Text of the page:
What to see in Corcubión
Corcubion, land of calm and bravery
Parrandas of Corcubión
The Parrandas were one of the traditions that took place in the past in Corcubión during the months of June and July. The information we know about the parrandas is thanks to the publication of some articles by the school teacher of the town, D. Juan Díaz Fernández, in the Revista Nerio (Nerio’s Magazine), published in Corcubión in 1920. In several articles (numbers 2, 3, 5 and 8) he explained what this peculiar tradition consisted of.
The origin of this tradition is not known with certainty, as after the attacks by Napoleon's troops during the War of Independence in 1809 all the parish, Town Hall and private archives were lost, as the fire in Corcubión caused by the French, as D. Juan Díaz Fernández says "they left no more building standing than a single house to testify to future generations the ignominious perfidy of those who defended Freedom, Law and Justice".
According to the publications of this school teacher, during the years of celebration of this tradition, from the beginning of June until the 25th of July the village of Corcubión was divided into two sides: Río-Seco and Granada; the first covered the northern part of the village and the second the southern end, from a small stream that crosses it. On Sunday evenings and other festivities during this period, the girls of each side would gather together accompanied by the boys who sympathized with one or the other side and would go through the streets with tambourines, castanets and other instruments, addressing each other in often insulting ways.
During the festivities of San Juan and San Pedro this celebration reached its peak. On the eve of these days, all those on each side met in their respective camps: those from Río-Seco in the cruceiro in the San Antonio’s atrium, called "Cabo da Vila"; those from Granada in the cruceiro in Campo del Rollo. When each side was in its corresponding place, "the queen of the foliada" took the chair, who used to be the one who sang the best or distinguished herself by her enthusiasm in the preparation of the festival (foliada means an evening gathering of people to have fun, sing and dance to traditional music). Next to her sat the girls who formed her court of honour, called the “fairies of the festival”, dressed in white with coloured stripes and all wearing their highly decorated tambourines, while those in charge of dancing wore their castanets. The men who belonged to the navy wore the white navy costume.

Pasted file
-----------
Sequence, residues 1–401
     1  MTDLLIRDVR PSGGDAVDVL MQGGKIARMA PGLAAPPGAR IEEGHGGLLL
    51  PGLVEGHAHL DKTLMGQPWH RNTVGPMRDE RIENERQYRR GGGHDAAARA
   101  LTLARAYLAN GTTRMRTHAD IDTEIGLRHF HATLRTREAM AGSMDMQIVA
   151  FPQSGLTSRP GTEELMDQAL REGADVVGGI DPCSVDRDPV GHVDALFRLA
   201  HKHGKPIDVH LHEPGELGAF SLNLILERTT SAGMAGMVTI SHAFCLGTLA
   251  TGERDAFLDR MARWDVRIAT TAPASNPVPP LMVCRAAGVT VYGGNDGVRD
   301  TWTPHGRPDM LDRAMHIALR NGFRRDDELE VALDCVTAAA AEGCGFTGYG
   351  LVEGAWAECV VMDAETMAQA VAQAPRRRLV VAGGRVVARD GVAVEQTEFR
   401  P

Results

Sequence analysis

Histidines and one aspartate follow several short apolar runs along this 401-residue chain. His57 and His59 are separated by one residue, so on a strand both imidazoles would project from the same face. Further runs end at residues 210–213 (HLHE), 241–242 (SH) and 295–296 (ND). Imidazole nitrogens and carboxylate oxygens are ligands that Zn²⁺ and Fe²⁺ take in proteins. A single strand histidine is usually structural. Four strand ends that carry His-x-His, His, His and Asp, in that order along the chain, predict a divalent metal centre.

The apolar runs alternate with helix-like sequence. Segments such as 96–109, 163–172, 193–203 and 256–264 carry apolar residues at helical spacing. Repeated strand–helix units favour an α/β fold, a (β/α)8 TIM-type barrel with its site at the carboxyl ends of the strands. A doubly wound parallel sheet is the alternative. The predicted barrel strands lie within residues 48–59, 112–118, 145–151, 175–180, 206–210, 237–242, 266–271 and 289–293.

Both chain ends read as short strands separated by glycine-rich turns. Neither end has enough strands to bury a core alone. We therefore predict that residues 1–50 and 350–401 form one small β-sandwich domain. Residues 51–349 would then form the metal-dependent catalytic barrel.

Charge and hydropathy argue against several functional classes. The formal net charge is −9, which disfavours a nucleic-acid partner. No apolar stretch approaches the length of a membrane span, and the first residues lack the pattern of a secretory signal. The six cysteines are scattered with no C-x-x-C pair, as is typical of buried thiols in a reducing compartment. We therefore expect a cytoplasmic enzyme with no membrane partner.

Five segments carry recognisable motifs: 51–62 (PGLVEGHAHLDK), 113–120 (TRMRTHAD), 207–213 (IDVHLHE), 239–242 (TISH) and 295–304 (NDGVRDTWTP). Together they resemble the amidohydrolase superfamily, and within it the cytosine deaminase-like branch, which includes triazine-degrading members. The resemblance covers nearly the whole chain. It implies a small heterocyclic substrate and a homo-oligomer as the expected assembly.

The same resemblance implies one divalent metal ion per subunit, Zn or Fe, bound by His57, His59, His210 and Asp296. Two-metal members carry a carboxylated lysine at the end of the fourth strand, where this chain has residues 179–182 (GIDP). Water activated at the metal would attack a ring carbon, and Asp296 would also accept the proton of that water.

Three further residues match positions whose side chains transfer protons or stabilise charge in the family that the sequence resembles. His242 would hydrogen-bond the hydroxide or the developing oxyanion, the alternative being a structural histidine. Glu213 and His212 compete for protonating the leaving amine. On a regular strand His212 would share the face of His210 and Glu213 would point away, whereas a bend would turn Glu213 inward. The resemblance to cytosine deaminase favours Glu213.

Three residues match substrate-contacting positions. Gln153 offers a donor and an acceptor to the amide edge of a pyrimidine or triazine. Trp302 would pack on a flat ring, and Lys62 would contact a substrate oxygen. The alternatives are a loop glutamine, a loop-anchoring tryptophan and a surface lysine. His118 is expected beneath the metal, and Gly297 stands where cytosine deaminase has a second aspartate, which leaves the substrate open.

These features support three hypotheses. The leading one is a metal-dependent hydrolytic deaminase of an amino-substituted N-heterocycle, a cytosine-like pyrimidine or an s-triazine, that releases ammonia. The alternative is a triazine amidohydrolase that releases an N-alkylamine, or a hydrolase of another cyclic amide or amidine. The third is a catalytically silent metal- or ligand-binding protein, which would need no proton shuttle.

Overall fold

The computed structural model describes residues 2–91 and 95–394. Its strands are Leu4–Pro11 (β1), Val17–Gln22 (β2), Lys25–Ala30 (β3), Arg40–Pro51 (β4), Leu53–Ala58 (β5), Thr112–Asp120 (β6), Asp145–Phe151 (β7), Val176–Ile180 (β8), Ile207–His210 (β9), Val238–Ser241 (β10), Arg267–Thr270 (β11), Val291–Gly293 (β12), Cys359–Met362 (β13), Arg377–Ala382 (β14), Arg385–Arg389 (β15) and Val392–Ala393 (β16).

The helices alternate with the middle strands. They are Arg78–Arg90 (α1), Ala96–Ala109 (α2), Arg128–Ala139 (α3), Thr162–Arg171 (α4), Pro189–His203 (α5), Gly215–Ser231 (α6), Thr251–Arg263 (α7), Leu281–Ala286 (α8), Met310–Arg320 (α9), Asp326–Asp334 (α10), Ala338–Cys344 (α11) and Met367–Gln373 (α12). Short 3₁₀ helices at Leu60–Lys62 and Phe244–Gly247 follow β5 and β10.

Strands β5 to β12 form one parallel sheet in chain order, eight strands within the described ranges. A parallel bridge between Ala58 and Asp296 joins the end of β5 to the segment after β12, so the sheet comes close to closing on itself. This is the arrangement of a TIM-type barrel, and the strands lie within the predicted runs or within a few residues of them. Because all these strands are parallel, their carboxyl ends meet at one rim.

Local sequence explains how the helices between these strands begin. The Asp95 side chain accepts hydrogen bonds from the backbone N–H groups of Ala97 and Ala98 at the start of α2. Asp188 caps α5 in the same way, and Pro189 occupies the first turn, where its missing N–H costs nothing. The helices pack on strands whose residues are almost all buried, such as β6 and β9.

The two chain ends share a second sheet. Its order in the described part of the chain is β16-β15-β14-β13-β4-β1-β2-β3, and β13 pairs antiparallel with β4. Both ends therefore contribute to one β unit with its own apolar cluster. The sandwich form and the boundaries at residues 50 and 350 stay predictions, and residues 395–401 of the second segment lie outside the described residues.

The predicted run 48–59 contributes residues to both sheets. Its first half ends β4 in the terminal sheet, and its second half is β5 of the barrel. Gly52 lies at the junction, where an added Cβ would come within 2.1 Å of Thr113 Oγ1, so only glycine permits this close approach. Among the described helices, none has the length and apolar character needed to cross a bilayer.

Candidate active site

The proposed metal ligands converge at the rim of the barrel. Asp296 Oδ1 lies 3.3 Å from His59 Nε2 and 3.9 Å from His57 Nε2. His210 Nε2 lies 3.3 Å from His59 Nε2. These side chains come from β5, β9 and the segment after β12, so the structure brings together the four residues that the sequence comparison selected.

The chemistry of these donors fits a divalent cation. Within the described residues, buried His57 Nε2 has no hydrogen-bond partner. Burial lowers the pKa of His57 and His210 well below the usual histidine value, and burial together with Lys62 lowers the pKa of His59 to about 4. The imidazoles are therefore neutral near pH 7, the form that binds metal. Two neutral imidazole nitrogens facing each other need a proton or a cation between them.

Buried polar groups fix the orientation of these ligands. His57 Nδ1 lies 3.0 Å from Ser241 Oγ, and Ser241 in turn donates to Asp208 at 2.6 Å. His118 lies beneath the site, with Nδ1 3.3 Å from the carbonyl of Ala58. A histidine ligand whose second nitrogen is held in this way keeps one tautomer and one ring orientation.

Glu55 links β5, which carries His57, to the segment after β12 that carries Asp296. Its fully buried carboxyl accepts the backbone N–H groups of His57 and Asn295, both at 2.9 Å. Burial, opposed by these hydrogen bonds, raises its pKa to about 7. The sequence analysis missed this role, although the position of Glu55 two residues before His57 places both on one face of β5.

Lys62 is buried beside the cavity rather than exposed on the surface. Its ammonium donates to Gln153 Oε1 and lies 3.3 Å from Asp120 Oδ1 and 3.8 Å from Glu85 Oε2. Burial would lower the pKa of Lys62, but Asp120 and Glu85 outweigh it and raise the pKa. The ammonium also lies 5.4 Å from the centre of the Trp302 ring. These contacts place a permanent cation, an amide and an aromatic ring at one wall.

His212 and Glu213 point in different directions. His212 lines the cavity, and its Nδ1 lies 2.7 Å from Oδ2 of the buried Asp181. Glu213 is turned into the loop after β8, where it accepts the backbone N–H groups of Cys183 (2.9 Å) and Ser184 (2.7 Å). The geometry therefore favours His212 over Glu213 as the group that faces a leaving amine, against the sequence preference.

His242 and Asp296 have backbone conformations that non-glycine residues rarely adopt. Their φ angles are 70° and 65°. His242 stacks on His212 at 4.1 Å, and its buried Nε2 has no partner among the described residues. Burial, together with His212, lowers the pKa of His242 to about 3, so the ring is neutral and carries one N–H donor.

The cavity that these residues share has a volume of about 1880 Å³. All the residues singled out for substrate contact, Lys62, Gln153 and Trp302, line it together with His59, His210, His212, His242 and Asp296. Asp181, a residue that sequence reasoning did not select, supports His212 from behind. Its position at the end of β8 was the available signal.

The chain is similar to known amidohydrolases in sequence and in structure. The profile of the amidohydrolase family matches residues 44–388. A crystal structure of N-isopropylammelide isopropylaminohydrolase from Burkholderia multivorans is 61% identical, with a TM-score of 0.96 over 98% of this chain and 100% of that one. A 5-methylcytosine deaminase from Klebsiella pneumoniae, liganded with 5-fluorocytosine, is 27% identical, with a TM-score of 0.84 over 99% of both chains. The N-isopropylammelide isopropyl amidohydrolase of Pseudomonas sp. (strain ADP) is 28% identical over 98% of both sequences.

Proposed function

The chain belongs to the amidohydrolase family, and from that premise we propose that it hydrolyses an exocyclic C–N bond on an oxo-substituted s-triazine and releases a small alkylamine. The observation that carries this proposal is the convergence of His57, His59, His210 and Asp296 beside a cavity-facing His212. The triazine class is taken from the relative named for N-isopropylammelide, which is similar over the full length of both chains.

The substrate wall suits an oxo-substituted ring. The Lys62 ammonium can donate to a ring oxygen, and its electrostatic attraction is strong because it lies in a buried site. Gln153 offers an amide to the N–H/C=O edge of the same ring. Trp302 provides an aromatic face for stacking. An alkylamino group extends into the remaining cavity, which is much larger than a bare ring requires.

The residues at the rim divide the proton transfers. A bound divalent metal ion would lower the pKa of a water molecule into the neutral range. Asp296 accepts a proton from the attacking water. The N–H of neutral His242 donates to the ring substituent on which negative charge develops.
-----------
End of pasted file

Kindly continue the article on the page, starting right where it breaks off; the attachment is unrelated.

When everything was ready, the bonfire was lit on each side and the dance began. At midnight, the Granada side left their camp and went out with their supporters through the streets of the town, towards the Río-Seco side, singing songs in ancient Galician and shouting, between song and song, ¡Viva Granada! and ¡Abajo Rioseco! As they reached the enemy's territory, the whole Río-Seco celebration and the songs of the Granada side reached their most intense moment, as while some sang offensive songs, the others responded in the same way, all preparing to throw out their opponents if they dared to cross the limits of the cruceiro.
After this, the Granada side went back to their camp. When they were halfway back to Campo do Rollo, the Río-Seco side would leave their camp and head for the opposite side, singing songs that were usually a response to what their opponents had sung before.